If you wish to take an ocean whale-watching voyage, there are several charter boat companies in Depoe Bay, just eight miles south of Lincoln City, which can take you on an hour-long trip for a nominal fee. Total time round trip from Lincoln City is less than two hours.

OTTERS & BIRDS

Lincoln City has two important bird areas recognized by the National Audubon Society. Although Pacific sea otters were hunted to extinction here early in the last century, freshwater otters, reaching nearly three feet in length, still cavort in inlets and streams.  Some are even occasionally seen on Devils Lake.  Devils Lake also boasts colorful perching wood ducks, coots, loons, and, of course, the Great Blue Heron.  The stately bird, which may be found also in Siletz Bay, is approximately four feet (1.22 m) tall at maturity.  If you are lucky, you might even catch a glimpse of its elaborate and graceful mating dance.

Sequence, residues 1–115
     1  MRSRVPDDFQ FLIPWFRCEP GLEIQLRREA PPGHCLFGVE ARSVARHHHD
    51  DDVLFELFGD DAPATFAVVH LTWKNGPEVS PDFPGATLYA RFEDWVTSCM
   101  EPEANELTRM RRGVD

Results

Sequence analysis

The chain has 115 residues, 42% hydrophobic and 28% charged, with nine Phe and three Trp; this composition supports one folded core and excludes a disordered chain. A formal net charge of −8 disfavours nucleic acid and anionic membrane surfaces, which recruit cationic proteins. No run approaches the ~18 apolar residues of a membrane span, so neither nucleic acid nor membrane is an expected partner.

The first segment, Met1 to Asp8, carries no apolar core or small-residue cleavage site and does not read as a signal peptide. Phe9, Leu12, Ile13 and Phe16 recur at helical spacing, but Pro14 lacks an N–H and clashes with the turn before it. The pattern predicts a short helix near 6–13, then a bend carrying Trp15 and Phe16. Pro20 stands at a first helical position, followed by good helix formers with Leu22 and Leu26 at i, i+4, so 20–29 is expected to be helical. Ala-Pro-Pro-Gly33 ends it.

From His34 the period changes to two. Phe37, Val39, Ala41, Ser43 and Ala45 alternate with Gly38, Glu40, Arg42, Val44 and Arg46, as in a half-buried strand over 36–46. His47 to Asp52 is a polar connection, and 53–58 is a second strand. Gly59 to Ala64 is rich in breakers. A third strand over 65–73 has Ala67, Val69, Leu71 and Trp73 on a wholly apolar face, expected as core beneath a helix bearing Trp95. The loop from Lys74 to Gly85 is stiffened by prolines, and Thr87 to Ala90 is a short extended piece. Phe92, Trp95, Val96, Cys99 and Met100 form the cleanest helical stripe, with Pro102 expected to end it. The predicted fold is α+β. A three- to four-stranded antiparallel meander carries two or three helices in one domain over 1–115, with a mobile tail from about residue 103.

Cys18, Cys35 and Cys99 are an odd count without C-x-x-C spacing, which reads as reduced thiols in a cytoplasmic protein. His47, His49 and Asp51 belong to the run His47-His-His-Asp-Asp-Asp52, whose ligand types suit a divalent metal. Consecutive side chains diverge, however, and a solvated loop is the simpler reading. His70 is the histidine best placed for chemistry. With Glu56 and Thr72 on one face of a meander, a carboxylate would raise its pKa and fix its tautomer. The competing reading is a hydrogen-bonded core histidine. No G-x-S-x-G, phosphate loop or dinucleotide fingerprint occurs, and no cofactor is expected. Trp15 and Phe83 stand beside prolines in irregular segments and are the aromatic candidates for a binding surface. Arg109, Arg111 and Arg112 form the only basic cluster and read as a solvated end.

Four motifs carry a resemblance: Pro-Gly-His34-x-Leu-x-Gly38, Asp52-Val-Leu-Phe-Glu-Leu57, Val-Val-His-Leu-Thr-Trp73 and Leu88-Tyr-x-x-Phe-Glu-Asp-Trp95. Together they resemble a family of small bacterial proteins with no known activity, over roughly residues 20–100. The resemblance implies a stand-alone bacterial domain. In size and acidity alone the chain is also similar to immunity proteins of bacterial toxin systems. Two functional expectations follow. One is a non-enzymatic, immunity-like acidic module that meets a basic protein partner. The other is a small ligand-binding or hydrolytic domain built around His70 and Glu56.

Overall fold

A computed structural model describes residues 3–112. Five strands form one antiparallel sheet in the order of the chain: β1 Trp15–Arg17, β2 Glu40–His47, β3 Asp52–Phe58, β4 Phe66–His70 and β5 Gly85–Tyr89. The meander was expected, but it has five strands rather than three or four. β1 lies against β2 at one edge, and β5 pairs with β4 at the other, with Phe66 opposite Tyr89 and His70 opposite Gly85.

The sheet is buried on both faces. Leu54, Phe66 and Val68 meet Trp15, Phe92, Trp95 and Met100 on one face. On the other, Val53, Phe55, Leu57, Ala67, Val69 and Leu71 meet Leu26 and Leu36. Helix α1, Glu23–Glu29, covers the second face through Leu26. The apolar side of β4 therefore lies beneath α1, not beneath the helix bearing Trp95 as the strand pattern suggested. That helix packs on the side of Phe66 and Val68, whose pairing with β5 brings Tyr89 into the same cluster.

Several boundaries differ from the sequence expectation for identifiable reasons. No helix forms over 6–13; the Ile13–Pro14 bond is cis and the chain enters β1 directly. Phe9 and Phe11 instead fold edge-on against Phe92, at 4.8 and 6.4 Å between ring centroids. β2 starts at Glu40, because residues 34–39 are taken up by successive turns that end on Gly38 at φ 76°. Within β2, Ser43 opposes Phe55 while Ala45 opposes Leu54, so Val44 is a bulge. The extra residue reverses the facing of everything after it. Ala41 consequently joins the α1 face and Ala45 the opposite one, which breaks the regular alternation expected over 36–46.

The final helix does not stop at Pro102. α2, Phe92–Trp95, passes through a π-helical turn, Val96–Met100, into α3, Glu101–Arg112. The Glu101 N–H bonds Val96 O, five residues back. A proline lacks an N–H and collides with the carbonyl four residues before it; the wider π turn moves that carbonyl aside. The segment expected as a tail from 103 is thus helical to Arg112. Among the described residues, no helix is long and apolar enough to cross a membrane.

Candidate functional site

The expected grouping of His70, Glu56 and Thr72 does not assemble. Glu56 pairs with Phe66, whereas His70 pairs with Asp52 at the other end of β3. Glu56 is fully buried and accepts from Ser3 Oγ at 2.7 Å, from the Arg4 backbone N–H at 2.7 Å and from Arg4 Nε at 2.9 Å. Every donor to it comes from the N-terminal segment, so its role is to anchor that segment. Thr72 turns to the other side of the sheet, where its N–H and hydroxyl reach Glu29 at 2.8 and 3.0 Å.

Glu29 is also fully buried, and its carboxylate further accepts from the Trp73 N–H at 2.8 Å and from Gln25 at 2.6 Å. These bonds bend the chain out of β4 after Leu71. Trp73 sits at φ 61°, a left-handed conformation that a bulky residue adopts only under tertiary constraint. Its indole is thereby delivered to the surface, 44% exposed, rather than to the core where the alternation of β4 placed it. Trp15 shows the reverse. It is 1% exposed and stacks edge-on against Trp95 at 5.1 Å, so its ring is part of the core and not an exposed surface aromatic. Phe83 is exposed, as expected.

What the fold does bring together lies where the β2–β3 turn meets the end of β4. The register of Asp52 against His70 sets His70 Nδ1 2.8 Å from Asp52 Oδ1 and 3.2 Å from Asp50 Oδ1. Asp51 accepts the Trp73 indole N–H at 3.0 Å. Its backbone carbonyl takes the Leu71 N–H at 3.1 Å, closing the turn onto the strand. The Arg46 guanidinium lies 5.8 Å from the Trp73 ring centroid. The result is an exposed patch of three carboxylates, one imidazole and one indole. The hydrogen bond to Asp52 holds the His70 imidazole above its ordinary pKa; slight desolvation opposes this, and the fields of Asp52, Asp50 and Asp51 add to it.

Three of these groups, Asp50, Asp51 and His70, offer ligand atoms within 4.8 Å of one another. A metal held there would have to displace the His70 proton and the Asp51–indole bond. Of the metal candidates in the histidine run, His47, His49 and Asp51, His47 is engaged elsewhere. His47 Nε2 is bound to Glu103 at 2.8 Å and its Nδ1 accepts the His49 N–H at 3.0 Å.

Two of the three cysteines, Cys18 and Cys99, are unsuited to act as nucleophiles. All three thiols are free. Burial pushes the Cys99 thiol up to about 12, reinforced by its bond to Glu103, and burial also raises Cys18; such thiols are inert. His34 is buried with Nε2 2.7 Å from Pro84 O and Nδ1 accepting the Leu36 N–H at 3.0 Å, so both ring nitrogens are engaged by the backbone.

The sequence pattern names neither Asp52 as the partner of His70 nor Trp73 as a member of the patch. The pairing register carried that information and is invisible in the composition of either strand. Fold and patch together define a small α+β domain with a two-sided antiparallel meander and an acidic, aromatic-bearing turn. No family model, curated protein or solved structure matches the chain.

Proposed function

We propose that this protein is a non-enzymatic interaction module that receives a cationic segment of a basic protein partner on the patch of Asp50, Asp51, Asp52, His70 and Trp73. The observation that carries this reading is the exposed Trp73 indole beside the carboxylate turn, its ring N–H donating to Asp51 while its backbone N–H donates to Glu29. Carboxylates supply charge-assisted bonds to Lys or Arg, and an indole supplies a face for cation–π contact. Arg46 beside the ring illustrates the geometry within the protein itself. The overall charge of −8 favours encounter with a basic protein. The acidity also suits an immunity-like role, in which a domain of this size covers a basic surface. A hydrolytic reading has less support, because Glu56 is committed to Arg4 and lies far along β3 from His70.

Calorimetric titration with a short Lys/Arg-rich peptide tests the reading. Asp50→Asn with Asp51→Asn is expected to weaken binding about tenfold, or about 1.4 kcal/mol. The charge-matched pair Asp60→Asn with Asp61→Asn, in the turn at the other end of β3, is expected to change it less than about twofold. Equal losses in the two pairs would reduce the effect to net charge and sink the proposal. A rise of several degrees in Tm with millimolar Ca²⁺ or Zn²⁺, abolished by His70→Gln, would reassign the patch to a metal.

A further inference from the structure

ROOSEVELT ELK

Highway 101 at the north end of Lincoln City.

Perhaps the largest mammal in the area, other than whales, is the Roosevelt Elk, reaching one thousand pounds. They travel in large herds in the meadows around the Salmon River Estuary and Chinook Winds Casino Golf Resort, going down to the edge of Devils Lake for water. The elk are most visible during the winter months. In order to find food and water, elk and deer often need to cross Highway 101, so be alert and cautious when driving.

NORTH LINCOLN COUNTY HISTORICAL MUSEUM

For those who love history or just “old stuff”, the North Lincoln County Historical Museum is a real treat. The downstairs exhibit gallery includes displays on Native American history with examples of baskets and beadwork; early settlement and homesteading tools and household items; and artifacts from dairies, fishing outfits, and canneries. Roadside attractions, early tourism promotions like the notorious “Redhead Roundup”, and one-of-a-kind businesses like the Pixie Kitchen are also exhibited. A hands-on children’s corner will keep younger children entertained while their parents tour the museum. The museum is located in the historic Taft district of Lincoln City at 4907 SW Highway 101. Hours are noon to 5 p.m., Wednesday through Saturday, closed in January. Public restrooms. Donations welcomed. Wheelchair access. Motor coach parking on the street.

DRIFT CREEK COVERED BRIDGE